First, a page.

All images by Fabian Palencia. Used with permission
“Growing up, I skateboarded with my friends, and we were always looking for new, undiscovered skate spots. Skateboarding really introduced me to NYC.” says Fabian Palencia when talking about how he became inspired to get into street photography in the first place. “By the time I was 10/11, I had been to every borough by train.” Fabian’s approach to street photography is very rooted in street skating and graffiti.
“I think about what kind of people live somewhere, what do they eat? How do they make a living, what’s their hustle? I grew up in Jackson Heights, which has a vibrant street culture. There was so much going on all around me, I wanted to explore it all. I still do. I want to understand.”
Fabian’s images are clever, candid, and capture moments that would otherwise have New Yorkers not thinking to take a photo. He touts around a 5D Mark II with a couple of prime lenses, an iPhone 5S and a Hasselblad 500CM. He uploads his images to his Tumblr, Instagram and Eyeem. Mr. Palencia states that he has an emphasis on travelling light–and so he’ll either just carry his iPhone or his camera and one lens. “Too much gear takes away from the experience, and my work is really about me experiencing the world around me.” says Fabian.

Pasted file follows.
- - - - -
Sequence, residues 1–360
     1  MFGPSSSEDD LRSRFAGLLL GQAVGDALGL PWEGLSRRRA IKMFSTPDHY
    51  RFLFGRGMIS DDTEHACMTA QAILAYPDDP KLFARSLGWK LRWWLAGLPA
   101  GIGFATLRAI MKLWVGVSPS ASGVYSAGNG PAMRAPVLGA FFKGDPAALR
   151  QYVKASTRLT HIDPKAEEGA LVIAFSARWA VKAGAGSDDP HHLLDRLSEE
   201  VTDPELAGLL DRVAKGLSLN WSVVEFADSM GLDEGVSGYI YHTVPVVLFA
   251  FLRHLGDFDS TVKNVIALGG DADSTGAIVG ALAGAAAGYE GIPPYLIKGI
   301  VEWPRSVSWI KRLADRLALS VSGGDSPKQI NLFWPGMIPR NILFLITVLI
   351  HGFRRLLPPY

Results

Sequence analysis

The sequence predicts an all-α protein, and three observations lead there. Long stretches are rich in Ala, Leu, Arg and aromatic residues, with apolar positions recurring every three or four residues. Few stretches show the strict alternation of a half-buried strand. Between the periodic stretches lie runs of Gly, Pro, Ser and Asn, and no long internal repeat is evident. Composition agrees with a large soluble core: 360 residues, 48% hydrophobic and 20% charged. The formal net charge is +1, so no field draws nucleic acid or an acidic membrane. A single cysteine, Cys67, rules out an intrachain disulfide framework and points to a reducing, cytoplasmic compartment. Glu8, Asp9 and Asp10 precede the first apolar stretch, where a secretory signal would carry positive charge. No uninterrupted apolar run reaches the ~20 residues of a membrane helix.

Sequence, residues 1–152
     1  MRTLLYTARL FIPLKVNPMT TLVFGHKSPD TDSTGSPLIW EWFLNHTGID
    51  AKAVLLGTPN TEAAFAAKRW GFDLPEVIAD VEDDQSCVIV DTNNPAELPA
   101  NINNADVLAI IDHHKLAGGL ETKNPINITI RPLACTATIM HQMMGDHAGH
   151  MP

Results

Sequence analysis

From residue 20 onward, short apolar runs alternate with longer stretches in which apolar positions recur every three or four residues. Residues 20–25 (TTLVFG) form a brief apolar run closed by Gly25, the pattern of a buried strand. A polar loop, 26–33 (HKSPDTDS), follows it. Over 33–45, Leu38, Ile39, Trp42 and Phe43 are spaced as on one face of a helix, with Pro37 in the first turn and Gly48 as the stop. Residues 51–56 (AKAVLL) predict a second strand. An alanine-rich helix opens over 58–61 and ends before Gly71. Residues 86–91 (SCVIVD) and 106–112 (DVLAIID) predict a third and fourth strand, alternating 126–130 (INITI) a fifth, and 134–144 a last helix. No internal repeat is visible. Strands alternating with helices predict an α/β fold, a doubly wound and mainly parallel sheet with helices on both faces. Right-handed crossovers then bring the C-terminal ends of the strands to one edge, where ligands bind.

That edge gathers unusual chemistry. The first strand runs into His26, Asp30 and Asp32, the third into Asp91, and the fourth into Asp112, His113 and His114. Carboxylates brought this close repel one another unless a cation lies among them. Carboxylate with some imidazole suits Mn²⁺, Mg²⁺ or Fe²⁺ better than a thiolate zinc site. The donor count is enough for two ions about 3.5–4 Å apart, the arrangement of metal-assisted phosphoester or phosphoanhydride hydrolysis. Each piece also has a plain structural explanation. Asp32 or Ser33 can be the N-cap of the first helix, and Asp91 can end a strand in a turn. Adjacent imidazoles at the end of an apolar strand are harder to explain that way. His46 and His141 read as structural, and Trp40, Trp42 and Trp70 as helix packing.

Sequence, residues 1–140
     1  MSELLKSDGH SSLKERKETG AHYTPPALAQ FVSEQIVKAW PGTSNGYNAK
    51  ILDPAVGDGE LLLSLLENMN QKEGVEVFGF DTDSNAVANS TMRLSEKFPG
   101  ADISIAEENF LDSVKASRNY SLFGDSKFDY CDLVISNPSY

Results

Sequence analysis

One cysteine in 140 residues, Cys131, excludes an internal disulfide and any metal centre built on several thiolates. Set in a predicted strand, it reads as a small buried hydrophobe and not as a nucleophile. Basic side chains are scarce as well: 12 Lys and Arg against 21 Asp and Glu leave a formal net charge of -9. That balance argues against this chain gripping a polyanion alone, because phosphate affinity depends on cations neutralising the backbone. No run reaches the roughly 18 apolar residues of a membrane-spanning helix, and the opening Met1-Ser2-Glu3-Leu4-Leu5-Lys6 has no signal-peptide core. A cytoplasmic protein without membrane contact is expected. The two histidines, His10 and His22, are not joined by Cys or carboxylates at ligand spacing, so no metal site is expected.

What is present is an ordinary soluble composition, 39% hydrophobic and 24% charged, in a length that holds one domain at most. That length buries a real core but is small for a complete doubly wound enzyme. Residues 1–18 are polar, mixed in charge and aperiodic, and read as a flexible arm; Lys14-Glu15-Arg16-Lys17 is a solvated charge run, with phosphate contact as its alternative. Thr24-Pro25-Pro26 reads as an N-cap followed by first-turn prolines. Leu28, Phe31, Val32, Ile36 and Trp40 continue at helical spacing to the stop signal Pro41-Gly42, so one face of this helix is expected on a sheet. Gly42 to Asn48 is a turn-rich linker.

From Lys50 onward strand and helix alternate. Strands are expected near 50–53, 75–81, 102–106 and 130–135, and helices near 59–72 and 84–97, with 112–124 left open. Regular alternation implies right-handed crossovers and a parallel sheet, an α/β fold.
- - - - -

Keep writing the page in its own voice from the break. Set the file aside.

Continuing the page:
Mr. Palencia is drawn to characters that personify their environment. By that, he means that every neighborhood in New York has their own personalities and the area reflects on the people there. In order to shoot the images, Fabian practices the art of being invisible–or at least as best as possible. Then he gets close and tries to capture the scene. When asked further about the method, he explains that he isn’t into exploiting people, or their pain. He believes that there is enough of that out there, and in those same environments there is a lot of love. “I want to tell that story. A NY love story.”
Considering that most of his work is on platforms like Eyeem, Tumblr, and Instagram (though he is building a website) he believes that the social imaging world is very democratized in its current state of shooting, sharing, not using the best equipment, and not needing an art degree. “My education in the arts was passing blackbooks around to my friends, looking at graffiti, going to museums and looking at peoples work online.” states Fabian. “Without the internet, I’d have never become a working photographer. I’d still be shooting, no matter what, but knowing I’m part of a greater whole inspires me to push myself to make better photos.”
Here are more of his images.
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